Where will I live?
Where will I work from?
Do I enjoy working virtually?
Will my friends wedding happen?
When will me and Sarah be able to go on Holiday together?
That’s just practical uncertainty and there are existential questions that have been given time to surface over the last 18 months too.
Would I value a more simple life?
Who am I now?
What do I value?
What do I want?
I can find uncertainty suffocating, even as I type this I can feel myself breathing quite sharply in my chest.
It can feel like I am drowning, like I’m treading water, just struggling to stay afloat. Working really hard to just not drown.
I find that there’s actually more uncertainty now as we begin to re-open our world and transition out of the relative certainty of a lockdown. Whilst the sense of imprisonment and lack of freedom wasn’t fun, it was clear, it was black and white.
I have been learning to thrive in uncertainty, not just cope in uncertainty, but to move forward and embrace the uncertainty to create opportunity and live a good life even in difficult situations with big questions on the table.
Even before COVID hit I was working on getting more comfortable in the discomfort, getting comfortable being uncomfortable, because uncertainty always exists. Our world is rarely black and white, it’s often grey and different shades of grey.
The reason I wanted to get more comfortable in periods of uncertainty is that I was killing myself with thinking. I was relentlessly trying to think my way out of uncertain situations. I had a constant frown on my face, I had a heavy head - all I was doing was trying to think my way to certainty.
I was playing out conversations, playing out situations, I was just thinking thinking, thinking. That was my way to combat uncertainty.
When COVID hit, I couldn’t think my way out of it and I realised it was pointless doing so.
I found that my need to create certainty and think about my life situation was taking me away from my life. I was just in my head, thinking, not present, not in my relationships, just thinking constantly and my head hurt. My head hurts right now thinking about that. My head feels heavy like it just wants to loll to one side.
My need for certainty is a need for control and a desire to keep myself safe and away from harm. When things feel uncertain I get worried that I’ll lose something, lose someone and hurt myself or someone else. The desire to arrive at certainty is to feel safe, to avoid fear, to avoid pain.
Yet the desire for certainty can limit opportunity, if I’m just desperately clutching for certainty then I’ll take the first thing in front of me, or I’ll miss out on what else is around me. When I’m desperate for certainty I’m also thinking with my head too, I’m just thinking, I’m not really listening to how I might feel, I’m scared.
There are a few practices and things I’ve picked up over the last year that have supported me in feeling comfortable in uncomfortable situations that I want to share with you.
- Stopping. When I find myself over thinking, or I catch myself ruminating. I try to stop myself, stop working, stop what I’m doing and do something different. Go for a walk, do something with my hands. Literally just do something else and change my environment.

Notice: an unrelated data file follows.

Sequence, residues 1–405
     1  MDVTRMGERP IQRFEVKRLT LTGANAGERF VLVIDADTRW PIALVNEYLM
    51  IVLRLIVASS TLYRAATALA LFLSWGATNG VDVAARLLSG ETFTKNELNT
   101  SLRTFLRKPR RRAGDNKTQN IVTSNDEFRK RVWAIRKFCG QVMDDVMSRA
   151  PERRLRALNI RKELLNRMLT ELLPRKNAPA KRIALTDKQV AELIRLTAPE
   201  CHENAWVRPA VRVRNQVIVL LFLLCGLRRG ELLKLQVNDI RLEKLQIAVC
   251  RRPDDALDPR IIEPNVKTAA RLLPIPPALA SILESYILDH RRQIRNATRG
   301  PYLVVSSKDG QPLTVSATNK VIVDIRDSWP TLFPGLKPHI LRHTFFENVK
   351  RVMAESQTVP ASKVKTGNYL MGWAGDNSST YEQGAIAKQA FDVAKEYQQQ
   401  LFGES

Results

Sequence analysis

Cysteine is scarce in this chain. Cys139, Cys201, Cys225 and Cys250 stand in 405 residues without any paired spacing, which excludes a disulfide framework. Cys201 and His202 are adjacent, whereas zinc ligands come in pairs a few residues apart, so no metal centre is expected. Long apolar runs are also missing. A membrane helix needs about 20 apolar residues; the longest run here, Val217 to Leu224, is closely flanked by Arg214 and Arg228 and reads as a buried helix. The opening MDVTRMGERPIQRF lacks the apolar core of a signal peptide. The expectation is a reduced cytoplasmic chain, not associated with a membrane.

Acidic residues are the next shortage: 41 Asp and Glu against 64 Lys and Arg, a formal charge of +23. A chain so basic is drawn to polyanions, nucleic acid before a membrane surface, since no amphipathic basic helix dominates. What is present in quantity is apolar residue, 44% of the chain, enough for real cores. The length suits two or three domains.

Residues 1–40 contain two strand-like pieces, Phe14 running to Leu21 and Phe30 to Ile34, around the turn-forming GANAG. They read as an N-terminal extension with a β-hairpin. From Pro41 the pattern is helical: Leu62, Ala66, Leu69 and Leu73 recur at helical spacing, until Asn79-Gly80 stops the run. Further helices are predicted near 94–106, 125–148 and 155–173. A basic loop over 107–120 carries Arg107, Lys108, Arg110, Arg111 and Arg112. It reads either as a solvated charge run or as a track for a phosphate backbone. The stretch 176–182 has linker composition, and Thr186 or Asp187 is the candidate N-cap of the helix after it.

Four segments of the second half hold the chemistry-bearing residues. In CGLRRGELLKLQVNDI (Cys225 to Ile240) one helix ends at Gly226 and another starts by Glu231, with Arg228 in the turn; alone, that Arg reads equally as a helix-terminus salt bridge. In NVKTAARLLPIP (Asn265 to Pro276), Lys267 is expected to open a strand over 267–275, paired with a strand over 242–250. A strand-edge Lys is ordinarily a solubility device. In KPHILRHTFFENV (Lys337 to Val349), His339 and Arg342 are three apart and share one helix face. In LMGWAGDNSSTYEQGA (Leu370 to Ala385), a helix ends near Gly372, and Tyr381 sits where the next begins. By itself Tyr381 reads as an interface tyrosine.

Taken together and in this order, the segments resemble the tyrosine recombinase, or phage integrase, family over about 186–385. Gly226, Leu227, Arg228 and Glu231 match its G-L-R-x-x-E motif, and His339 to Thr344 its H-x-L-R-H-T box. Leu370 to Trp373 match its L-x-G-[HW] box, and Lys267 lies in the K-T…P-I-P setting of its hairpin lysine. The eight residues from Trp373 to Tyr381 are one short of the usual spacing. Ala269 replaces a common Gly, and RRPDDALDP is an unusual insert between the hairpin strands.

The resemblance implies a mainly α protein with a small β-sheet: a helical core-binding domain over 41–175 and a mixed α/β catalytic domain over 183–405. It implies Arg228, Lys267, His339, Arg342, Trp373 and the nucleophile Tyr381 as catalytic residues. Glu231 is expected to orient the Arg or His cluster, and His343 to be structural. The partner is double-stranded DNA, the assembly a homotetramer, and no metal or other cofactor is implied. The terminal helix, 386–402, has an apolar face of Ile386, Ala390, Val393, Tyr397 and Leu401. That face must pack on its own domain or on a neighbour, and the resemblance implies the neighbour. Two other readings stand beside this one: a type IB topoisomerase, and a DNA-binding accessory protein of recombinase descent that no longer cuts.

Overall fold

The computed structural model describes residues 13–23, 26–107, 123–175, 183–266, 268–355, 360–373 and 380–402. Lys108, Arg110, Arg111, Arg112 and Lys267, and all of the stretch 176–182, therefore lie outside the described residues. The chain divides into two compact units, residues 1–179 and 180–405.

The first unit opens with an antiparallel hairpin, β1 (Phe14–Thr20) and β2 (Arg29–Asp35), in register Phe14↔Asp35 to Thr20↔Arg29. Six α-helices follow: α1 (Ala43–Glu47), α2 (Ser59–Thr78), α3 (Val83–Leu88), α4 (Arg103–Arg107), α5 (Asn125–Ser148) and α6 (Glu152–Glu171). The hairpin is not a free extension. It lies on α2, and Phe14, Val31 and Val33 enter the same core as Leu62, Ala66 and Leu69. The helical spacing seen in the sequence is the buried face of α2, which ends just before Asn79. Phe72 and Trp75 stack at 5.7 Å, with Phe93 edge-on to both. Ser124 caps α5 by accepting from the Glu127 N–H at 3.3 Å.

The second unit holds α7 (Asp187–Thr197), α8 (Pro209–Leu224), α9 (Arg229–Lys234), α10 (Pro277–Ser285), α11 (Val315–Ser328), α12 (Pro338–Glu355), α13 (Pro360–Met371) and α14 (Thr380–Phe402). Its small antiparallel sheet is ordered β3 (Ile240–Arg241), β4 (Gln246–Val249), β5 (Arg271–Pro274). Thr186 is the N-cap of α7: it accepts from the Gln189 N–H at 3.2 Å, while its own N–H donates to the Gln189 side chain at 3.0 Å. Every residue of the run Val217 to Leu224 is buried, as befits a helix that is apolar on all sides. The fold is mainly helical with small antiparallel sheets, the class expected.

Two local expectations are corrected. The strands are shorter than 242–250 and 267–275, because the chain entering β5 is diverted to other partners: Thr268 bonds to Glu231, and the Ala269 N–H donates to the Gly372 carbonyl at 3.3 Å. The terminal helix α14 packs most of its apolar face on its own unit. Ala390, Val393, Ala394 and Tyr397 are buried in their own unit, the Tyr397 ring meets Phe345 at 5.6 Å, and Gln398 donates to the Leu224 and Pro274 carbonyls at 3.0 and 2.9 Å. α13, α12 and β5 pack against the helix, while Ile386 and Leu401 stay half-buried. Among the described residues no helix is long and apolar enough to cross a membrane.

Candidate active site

- Walking. Sometimes when I walk I can just be literally walking round in circles and I could spend an entire walk thinking. Yet if I go for a walk and focus on the sounds of the birds, or try and smile at passers by, or look up. Then it’s different, I get transported into the present moment.
- Yoga. Yin Yoga especially is a really slow form of Yoga that is literally designed to put your body in uncomfortable positions that you stay in for a long time. It is so good.
- Patience. This is more meta, but I’m trying to get more used to being patient and just wait for stuff to happen, not rushing myself, being more patient with myself.
- Rowing. In rowing you have to be comfortable in a rocky boat, you have to get used to being a little unstable and noticing how your actions in the boat could rock the boat. Learning something new like this has had lots of metaphors for me around uncertainty.
- Running. Running helps me shake out my energy, I am also not very good at it so I get tired. Getting tired means I typically forget what I am thinking about.
- Eckhart Tolle. I find the teaching of Eckhart Tolle very supportive as a sort of structure to come back to. Generally, the general feeling of what does it really mean to my ego for things to fail or fall apart? His words and teachings give me a sense of perspective and help me return to the stillness of the present moment.
There’s a lot of uncertainty in the air right now as I believe our world is turning. The shift to virtual working in particular is an absolutely seismic shift in how we live our lives, how we centre our lives, it’s a reorganisation and that’s hard.
Getting comfortable in uncertainty is absolutely key for all of us to navigate the complexities of an ever-changing world.
The only certainty is continued uncertainty.
It’s on us to choose how we be in that. I believe if we learn to dance in uncertainty, to relax into it, to accept it, then we’ll be able to create new lives that weren’t possible before.
2/30 (I'm writing 30 Articles in 30 days)
To get updates on my book on Mental Health at Work that's being published by Penguin, sign up to the email list here.
To get a weekly newsletter (like the above), sign up to that email list here.